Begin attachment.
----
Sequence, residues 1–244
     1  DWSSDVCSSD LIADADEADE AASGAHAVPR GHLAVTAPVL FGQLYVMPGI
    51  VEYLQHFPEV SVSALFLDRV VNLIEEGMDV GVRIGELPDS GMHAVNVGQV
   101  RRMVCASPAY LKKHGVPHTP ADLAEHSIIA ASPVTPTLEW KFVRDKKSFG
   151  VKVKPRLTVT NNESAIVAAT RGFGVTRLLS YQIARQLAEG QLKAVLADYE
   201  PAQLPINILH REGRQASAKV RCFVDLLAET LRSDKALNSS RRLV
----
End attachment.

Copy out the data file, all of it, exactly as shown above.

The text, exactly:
Sequence, residues 1–244
     1  DWSSDVCSSD LIADADEADE AASGAHAVPR GHLAVTAPVL FGQLYVMPGI
    51  VEYLQHFPEV SVSALFLDRV VNLIEEGMDV GVRIGELPDS GMHAVNVGQV
   101  RRMVCASPAY LKKHGVPHTP ADLAEHSIIA ASPVTPTLEW KFVRDKKSFG
   151  VKVKPRLTVT NNESAIVAAT RGFGVTRLLS YQIARQLAEG QLKAVLADYE
   201  PAQLPINILH REGRQASAKV RCFVDLLAET LRSDKALNSS RRLV